Tip-offs to the Business Software Alliance’s piracy hotline led to written warnings for seven design consultancies last month.
Andrew Robinson, the alliance’s anti-piracy specialist for the UK and Ireland says the letters sent by its solicitor Covington & Burling asked groups for an audit of the software they use.
If a company cannot provide an audit, the BSA will pursue it further, with the ultimate threat of legal action. The maximum penalty for illegal software use is two years’ imprisonment, with unlimited fines. Robinson will not reveal which design groups have received the warnings.
“The severe penalties as well as the reputational risks far outweigh any possible incentives from cutting corners over licensing,” says BSA Europe director of marketing Clare O’Brien.
“Our message is to legalise before you get caught,” says Evan Cox, BSA European legal counsel at Covington & Burling. “We’re not out to get you for past misuse if you voluntarily agree to legalise, but if we hear about you through the hotline, all bets are off.”
The companies targeted by the BSA were reported to its hotline, which runs a reward scheme offering informants 10 per cent of settlements collected from organisations that opt to “legalise” pirated software.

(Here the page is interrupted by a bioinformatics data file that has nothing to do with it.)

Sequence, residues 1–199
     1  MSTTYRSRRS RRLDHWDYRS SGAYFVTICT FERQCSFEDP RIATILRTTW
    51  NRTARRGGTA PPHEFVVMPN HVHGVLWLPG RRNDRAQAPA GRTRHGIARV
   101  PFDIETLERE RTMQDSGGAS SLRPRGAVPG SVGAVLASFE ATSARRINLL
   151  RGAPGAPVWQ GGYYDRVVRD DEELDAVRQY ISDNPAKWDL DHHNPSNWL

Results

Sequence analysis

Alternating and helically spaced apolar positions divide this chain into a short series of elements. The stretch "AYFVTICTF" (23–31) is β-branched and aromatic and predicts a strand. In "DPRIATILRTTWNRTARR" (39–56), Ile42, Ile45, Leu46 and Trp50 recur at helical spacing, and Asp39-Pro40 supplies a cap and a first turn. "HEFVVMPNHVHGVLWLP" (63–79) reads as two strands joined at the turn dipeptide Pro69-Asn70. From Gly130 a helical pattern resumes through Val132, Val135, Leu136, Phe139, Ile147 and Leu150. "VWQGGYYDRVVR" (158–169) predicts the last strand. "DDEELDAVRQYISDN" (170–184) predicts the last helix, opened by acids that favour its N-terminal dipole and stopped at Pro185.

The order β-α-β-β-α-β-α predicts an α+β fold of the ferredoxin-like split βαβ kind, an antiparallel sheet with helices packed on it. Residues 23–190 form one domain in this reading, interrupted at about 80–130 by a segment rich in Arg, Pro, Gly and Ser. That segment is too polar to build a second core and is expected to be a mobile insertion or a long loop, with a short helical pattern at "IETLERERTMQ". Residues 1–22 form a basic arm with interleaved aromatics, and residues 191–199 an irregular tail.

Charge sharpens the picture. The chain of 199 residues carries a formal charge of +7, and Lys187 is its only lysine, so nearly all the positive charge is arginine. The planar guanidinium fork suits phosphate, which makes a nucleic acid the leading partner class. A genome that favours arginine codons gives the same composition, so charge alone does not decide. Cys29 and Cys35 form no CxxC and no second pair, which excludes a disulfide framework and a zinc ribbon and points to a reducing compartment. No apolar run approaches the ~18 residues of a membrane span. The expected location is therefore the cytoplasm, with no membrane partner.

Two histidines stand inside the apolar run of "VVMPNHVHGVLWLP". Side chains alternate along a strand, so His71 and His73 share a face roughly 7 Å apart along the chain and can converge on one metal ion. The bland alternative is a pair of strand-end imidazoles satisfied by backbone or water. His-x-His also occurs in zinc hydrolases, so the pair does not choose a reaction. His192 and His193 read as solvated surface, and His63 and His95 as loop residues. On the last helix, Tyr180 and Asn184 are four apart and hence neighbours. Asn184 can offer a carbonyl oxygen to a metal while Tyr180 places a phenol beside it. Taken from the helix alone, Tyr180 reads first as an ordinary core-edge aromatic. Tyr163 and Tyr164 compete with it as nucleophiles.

The rewards go up to a maximum of 2500. Over the past three months, the BSA’s solicitors have collected around 100 000 in settlements, including 4500 from London Repro Company.
“If the company writes back acknowledging that it has a problem, we would look to help them legalise their software and put an audit system in place,” says Robinson.
The BSA crackdown runs in parallel to the membership scheme operated by the Federation Against Software Theft (FAST). DIA managing director Barry Salter is meeting FAST this week on behalf of the Design Business Association. The two bodies are investigating the possibility of a low-cost FAST membership scheme for the design industry. Currently, corporate membership of FAST costs 1000.
While agreeing with the principles behind the BSA campaign, Salter criticises the proliferation of different organisations attempting to enforce software laws. “It’s going to be very confusing if five or six entities around the world are operating as software police,” he says.